Buena Vista Rancheria hits another milestone after win in homelands case

The Buena Vista Rancheria of Me-Wuk Indians is on track to a brighter future after securing victory in a long-running tribal homelands case.

The tribe announced a "definitive agreement" with gaming giant Caesars Entertainment on Friday. The deal will bring a Harrah's-branded casino to northern California in 2019.

"Harrah's is a world-class brand that is known for offering a fun gaming atmosphere with unparalleled customer service," Chairwoman Rhonda L. Morningstar Pope-Flores said in a press release. "We're confident that it will attract more people to our destination."

The Buena Vista Rancheria of Me-Wuk Indians and Caesars Entertainment broke ground on a gaming facility in Amador County, California, on April 11, 2018. From left: Caesars Senior Director Development Bryant Pettey, Buena Vista Gaming Authority Director Ronald Pina, Buena Vista Vice Chair Jessalynn Pastran, Buena Vista Chairwoman Rhonda Morningstar Pope Flores, Buena Vista Councilman Jesse Archuleta, BVGA Director Jeremy Bernan, Buena Vista Gaming Authority Chairman Samuel L. Jackson and Caesars Regional President Robert Livingston. Photo: Caesars Entertainment

The milestone comes after the tribe's land-into-trust application was upheld by the D.C. Circuit Court of Appeals last November. The case was so strong that the judges assigned to the lawsuit didn't even bother to hold an oral argument.

The tribe was one of the many victims of the federal government's disastrous termination policy and was restored to recognition through a court settlement. As part of the agreement, Amador County accepted the Buena Vista Rancheria as a "reservation" and can't revisit the designation decades later, the court wrote in its two-page order.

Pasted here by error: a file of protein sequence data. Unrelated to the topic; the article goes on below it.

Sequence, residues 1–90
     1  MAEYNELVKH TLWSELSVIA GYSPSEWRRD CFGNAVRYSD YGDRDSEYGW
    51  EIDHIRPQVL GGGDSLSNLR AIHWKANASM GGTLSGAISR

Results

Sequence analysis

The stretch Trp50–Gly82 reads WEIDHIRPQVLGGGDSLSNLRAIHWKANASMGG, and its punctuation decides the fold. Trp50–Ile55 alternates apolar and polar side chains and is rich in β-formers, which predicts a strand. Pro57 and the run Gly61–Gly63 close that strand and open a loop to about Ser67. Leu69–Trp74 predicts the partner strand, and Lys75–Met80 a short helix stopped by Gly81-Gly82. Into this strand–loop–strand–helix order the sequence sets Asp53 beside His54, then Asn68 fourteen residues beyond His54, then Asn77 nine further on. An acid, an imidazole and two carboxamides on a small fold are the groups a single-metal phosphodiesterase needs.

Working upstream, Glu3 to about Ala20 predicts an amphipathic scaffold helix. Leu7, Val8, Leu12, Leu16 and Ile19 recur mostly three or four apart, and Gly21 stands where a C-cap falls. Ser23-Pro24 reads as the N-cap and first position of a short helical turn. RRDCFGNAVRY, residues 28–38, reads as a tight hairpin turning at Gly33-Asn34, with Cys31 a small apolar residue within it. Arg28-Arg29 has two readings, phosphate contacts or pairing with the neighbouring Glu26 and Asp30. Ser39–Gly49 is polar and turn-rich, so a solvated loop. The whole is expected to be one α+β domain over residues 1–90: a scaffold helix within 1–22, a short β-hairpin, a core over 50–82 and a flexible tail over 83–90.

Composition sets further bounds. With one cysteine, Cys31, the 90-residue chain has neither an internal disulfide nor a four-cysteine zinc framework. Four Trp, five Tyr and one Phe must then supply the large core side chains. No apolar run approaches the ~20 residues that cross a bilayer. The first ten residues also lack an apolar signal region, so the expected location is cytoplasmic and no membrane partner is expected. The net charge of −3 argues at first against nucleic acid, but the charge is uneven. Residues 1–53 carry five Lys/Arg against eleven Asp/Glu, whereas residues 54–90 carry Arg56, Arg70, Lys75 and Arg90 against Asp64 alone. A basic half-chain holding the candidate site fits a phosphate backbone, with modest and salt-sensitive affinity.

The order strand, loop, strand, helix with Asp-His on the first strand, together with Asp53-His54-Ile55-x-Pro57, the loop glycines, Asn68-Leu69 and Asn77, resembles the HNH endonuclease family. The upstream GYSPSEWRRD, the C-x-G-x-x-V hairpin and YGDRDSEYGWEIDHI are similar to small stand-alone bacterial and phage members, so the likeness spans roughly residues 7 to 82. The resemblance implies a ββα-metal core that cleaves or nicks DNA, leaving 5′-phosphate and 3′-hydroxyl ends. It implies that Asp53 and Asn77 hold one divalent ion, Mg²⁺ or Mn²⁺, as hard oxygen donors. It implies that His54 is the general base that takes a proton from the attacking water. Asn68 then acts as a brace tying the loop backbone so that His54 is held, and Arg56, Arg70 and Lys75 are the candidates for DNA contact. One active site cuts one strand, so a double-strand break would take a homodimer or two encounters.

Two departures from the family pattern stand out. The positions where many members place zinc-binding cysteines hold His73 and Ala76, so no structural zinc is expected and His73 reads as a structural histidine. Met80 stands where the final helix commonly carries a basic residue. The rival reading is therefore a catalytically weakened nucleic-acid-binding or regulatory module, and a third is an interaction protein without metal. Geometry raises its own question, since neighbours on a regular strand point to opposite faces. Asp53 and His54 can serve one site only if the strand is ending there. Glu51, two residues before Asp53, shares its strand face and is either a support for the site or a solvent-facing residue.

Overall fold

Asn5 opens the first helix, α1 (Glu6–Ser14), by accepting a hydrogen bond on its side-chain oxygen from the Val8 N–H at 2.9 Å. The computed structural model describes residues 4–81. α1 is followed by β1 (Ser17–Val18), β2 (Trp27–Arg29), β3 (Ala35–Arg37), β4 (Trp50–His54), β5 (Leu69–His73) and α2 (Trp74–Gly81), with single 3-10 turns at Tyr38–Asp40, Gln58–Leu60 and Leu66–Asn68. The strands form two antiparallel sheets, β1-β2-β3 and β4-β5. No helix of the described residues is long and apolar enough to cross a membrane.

The county subsequently asked the court to rehear the case. The request was denied in a brief order on January 3.

Despite the win, the protracted litigation inflicted a toll on the gaming project, which has been in limbo since the Bush administration. According to International Financing Review, the tribe is paying one of the highest interest rates ever seen on a bond package -- more than double the typical rates, the publication reported.

Still, the $205 million package marks significant progress. With Caesars on board, plans call for a 71,000 square-foot facility with 950 state-of-the-art slots, 20 table games, a full-service restaurant and three casual eateries at Harrah's Northern California.

"This agreement with the Buena Vista Gaming Authority advances our growth strategy to expand the reach of our brands into new markets and reinforces our over 20-year history working with tribal partners," said Mark Frissora, President and CEO of Caesars Entertainment. Groundbreaking took place last Wednesday.

As part of the deal, Caesars will manage the facility, an arrangement permitted under the Indian Gaming Regulatory Act. The tribe will pay a fee to the firm for the services.

Under the Harrah's name, Caesars runs the Harrah’s Resort Southern California for the Rincon Band of Luiseño Indians. The Buena Vista deal brings the firm to the northern part of the state the first time. California is the largest tribal gaming market in the United States, according to the National Indian Gaming Commission.

The Buena Vista court decision marked one in a string of victories for tribal homelands. The latest came last week for the Mechoopda Tribe, another California-based victim of termination.

D.C. Circuit Court of Appeals Decision:
Amador County v. Department of the Interior (November 27, 2017)

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